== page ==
Sump Pump Discharge

The Problem

Nearly 190 miles of sanitary sewer extends underground beneath our city. Typically, this system of sewers transports wastewater from homes and businesses to the Waste Water Treatment Plant.

During times of wet, rainy weather a unique problem presents itself. "Illegal water" is discharged into sewers, which may already be operating at near or full capacity, which causes sewage backups.

  Sump Pump Prohibition

Illegal Water

City Code does not allow groundwater that is collected in footing or drain tiles to be deposited into the City's system of sanitary sewers. This "illegal" problem regularly presents itself in Cedar Falls. Citizens may contribute to their own or to their neighbor's sanitary sewer back-up problems from such illegal connections.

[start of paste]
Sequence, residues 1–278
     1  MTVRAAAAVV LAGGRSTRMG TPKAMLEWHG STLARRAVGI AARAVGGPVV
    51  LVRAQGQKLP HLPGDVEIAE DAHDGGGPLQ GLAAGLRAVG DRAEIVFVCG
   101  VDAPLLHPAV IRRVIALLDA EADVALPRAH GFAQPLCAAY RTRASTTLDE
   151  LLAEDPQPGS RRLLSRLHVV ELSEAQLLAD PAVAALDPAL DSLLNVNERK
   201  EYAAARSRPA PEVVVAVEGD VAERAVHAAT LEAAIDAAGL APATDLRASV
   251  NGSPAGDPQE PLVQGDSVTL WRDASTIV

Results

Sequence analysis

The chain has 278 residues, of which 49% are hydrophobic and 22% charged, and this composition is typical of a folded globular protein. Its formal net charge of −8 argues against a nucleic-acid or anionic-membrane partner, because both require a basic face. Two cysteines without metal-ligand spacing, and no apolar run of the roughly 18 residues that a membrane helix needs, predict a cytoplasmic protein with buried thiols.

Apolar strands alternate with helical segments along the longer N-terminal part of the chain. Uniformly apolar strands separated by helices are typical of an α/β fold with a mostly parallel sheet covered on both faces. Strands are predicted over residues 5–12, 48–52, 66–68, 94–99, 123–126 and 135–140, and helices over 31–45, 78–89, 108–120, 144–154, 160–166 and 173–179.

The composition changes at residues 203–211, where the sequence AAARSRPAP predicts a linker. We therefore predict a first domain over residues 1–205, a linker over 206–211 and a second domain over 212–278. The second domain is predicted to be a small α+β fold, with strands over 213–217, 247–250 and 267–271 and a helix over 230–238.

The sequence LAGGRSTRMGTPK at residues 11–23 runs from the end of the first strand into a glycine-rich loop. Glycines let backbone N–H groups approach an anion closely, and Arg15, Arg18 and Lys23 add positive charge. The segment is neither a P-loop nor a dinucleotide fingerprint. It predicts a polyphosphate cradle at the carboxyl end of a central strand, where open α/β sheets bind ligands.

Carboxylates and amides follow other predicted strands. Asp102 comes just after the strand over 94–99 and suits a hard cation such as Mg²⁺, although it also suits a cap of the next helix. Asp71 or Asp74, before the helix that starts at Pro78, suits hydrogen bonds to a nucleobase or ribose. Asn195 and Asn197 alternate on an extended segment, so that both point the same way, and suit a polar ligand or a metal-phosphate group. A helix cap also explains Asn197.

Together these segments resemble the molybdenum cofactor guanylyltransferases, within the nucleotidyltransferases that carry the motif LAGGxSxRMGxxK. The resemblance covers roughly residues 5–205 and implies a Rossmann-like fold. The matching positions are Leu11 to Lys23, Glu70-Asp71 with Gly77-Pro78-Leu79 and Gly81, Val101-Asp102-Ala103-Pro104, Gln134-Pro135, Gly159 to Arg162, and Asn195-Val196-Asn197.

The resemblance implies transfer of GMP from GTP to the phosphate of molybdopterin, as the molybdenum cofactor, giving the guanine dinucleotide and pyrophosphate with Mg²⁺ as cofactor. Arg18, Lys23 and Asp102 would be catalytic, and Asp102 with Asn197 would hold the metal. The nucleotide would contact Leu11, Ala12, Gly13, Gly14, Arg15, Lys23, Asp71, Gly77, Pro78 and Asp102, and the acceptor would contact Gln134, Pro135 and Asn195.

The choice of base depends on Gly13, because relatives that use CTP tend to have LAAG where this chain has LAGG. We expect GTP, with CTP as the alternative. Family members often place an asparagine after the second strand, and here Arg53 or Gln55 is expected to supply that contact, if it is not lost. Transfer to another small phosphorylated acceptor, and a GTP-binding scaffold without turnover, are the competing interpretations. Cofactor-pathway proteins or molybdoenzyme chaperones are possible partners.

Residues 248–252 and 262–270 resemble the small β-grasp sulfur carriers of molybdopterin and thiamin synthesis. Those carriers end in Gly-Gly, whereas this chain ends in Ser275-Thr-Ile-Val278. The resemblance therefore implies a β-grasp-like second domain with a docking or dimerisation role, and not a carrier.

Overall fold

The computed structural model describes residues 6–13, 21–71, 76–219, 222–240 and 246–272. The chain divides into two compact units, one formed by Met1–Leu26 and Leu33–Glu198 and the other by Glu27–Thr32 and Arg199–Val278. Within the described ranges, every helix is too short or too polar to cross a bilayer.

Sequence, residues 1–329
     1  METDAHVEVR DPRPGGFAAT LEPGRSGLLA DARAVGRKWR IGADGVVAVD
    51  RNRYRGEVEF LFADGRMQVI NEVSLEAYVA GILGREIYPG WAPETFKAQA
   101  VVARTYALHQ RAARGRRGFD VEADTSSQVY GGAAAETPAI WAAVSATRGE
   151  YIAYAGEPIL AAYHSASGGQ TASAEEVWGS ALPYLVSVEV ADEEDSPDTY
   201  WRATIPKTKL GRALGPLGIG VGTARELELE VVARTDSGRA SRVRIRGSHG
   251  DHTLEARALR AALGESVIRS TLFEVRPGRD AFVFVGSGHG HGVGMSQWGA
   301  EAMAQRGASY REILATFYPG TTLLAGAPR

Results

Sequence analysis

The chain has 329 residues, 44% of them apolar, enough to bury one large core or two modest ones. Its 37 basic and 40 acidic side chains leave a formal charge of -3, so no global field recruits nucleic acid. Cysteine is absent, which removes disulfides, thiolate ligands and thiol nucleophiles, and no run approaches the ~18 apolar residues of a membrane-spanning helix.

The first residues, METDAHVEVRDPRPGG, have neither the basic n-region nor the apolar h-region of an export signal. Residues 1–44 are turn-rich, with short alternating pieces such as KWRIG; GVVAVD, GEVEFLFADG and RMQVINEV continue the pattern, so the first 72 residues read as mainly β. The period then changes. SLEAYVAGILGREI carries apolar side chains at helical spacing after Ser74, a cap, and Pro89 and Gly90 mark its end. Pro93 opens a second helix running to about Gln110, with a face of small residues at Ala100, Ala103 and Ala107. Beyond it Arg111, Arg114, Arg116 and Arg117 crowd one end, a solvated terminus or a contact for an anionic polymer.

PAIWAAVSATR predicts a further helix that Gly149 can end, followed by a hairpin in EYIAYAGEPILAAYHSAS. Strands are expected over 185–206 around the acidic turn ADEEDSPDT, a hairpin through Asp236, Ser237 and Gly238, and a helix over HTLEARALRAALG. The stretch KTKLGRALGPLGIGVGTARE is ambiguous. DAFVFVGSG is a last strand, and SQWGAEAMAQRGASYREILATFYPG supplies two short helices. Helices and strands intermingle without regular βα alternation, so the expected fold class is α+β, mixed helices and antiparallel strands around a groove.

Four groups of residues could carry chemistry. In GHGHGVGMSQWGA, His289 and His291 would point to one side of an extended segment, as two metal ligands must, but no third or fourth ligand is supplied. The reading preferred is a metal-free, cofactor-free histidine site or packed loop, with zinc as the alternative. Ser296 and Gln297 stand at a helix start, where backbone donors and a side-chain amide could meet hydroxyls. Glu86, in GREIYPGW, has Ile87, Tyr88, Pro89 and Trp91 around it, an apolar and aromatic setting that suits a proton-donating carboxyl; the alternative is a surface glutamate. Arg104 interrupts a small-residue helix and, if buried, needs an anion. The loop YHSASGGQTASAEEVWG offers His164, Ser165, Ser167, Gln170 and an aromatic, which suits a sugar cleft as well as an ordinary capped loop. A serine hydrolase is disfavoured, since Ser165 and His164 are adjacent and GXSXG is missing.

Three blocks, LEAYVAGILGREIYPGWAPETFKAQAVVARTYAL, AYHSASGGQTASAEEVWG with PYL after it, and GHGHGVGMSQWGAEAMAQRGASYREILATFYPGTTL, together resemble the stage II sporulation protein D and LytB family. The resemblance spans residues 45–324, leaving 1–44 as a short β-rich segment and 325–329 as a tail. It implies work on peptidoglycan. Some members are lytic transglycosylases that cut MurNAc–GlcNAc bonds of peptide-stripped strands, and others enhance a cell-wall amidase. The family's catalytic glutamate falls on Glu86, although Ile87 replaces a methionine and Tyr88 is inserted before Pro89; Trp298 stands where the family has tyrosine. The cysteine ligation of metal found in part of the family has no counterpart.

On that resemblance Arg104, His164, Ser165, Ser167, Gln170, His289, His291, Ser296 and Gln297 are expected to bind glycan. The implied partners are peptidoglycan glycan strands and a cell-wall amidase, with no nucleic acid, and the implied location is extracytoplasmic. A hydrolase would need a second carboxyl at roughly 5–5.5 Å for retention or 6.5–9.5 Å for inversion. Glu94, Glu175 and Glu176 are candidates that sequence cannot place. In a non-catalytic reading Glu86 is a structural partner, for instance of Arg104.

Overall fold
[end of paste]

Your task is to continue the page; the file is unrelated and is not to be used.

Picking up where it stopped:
Often, water collected by tiles, which is substantial, collects at a low point and is then discharged via a sump pump. Sanitary sewers were not designed to accommodate the volume of water generated by subsoil drainage systems. An expensive overload can occur.

The Solution

Where should the discharge by sump pumps be directed? It is legal, advisable and desirable for this water to be discharged into side or rear yards, into drainage ditches, or into City storm sewers with approved connections to street drainage systems. This should not be confused with the separate system of sanitary sewers.

If there are drainage tiles surrounding your home or business, where is the ground water collected by this system deposited? If it is going to the City's sanitary sewer system, you can help solve the sewer system overload by voluntarily correcting this problem.

More information can be found by accessing the City Code online, by contacting a plumbing contractor, or by calling the City's Inspection Services Division at (319) 268-5161.